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Goalie Quote of the Week

A warrior is worthless unless he rises above others and stands strong in the midst of a storm." 

-Yamamoto Tsunetomo


Entries in advice (14)


Emery Loses His Stick Discipline

UE Motto: Be a Warrior!!

I came across this goal while watching a full recap of the New York Rangers and Philadelphia Flyers series.  I found a large portion of the goals against Emery came from plays that passed in front of him to his right to his left.  Many of these were very good goals that would have been scored against many an NHL tender.  I did notice that Emery, when torquing hard to his trapper side, he had a lot of difficulty keeping control of his stick.  This is not uncommon and the harder and more sudden a goalie has to shift, the greater trouble he's going to have in maintaining his stick discipline.  Stick discipline in this case is where the goalie keeps the stick on the ice, usually protecting his five-hole.

Now not to over-criticize, as most of these plays were bing-bang plays that moved the puck 40-50 feet east to west.  However, the forth goal in the third game was a lot less excusable.  Firstly, the pass was not to the farside so much as to a streaking player moving right up the middle.  Emery had very little lateral movement required here.  Secondly, the timing of the goal was especially harsh as it was the nail in the coffin for game 3.

I wanted to draw attention to this, not so much as to belittle Emery, but to highlight this issue with my young goalies.  Spring hockey has allowed me to work with a bunch of new netminders from my usual crop, so they are getting a lot of "flack" from me on their lack of stick discipline during lateral slides, especially to their trapper side.  But at least with Emery's example, they are in good company and it goes to show everyone, that even the pros need to work on the basics.  Banger Maxim #17:  Some things are simple to understand but they are not easy to execute.


I think it can be easily said that Ray Emery has had a tumultous career.  He has had some inspirational events in his career, as well, that I think could be motivational fodder for any aspiring goaltender.  Take a read of his Wikipedia bio.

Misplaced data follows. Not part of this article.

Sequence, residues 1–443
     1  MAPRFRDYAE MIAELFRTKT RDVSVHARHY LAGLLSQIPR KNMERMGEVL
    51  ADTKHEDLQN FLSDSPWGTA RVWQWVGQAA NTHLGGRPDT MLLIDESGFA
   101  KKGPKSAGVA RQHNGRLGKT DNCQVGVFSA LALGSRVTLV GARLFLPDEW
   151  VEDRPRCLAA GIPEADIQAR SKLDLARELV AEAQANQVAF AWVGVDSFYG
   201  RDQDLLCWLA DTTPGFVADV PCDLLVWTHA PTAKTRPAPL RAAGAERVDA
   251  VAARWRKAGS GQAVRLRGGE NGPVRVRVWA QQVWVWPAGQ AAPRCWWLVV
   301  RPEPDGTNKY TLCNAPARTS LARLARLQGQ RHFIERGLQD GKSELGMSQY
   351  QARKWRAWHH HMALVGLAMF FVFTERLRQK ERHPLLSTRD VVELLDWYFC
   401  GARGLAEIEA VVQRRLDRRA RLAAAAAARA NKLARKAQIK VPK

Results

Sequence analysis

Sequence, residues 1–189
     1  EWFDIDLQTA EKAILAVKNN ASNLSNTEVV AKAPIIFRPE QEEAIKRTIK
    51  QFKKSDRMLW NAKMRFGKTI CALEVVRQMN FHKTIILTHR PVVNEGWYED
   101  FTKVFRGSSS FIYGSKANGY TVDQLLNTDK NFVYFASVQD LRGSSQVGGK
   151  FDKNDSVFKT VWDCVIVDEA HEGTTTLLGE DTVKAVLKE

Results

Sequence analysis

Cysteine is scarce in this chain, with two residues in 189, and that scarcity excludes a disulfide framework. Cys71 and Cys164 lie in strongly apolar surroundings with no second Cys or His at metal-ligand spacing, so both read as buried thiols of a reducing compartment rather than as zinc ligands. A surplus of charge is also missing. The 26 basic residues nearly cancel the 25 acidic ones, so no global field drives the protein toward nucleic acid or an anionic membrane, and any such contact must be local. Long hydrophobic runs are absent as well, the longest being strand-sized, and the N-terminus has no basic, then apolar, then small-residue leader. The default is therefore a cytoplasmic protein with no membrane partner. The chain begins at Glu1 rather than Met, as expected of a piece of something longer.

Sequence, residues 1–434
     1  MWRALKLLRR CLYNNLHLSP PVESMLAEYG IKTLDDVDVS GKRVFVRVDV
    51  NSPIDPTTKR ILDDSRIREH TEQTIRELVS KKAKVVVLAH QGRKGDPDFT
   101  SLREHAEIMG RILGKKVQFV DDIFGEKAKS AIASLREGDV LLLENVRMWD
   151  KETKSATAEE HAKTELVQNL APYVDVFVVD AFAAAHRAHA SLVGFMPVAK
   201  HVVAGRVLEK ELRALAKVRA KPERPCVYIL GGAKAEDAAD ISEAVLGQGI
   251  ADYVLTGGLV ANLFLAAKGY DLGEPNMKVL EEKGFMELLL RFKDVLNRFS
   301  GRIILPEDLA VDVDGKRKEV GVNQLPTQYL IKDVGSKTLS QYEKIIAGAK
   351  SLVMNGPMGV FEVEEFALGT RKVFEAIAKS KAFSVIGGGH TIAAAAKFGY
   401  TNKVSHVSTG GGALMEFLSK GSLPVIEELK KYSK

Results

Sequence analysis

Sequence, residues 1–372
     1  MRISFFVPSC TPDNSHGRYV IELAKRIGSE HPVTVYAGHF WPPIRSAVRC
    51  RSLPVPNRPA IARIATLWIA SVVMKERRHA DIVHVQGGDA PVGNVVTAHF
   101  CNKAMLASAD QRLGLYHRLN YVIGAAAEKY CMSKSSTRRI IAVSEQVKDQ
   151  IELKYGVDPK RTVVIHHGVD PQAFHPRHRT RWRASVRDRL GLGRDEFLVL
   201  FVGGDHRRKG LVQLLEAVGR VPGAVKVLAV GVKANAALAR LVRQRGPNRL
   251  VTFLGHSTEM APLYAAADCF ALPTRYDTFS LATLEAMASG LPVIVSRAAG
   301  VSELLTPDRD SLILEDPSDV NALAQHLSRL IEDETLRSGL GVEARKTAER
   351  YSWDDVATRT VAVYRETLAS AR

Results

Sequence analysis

Back To Basics II: Keeping Things Simple

UE Motto: Be a Warrior!!I got myself caught in a bit of writer's loop.  I had what I thought was a very easy topic to write about.  So easy in fact, that it was originally planned just as a tweet on my twitter feed.  But a timely conversation with a veteran athlete and long term educator combined with the goaltending travails of Reimer in Toronto has turned my tweet into a three page opinion piece that continues to find threads to cover.  It seems to be at least another week before it'll be completed.

As a result, while working on my end-of-season goalie reports of all my goalies this year, I started to find some common themes running through my analyses.  These were all pretty obvious to me, but may not always be to others.  I have certain biases as a goalie instructor and tend to emphasize things that I find really important to my tenders.  I thought I would take time off of writing my reports and my long stewing blog article to highlight these mantras.

The reason that I want to mention these goaltending elements is I find that goalie instructors (myself definitely included) can overcomplicate the position.  Taking a hard look at these points, I hope we can get back to the basics for both young and old as we approach season's end and start to plan for our summer and autumn programs.  Here they are in their most pared down glory:

1.  Positioning is 90% of a goalie's game

I have always said if a goalie could always be in perfect position all the time on shot release, she would have a minimum of 90% save percentage without even having to react to the release of the shot.  Positioning elements would be (a)ngle, (s)quareness, and (d)epth.Use positioning to fill space!!

2.  Hand and stick discipline/positioning counts way more than hand and reaction speed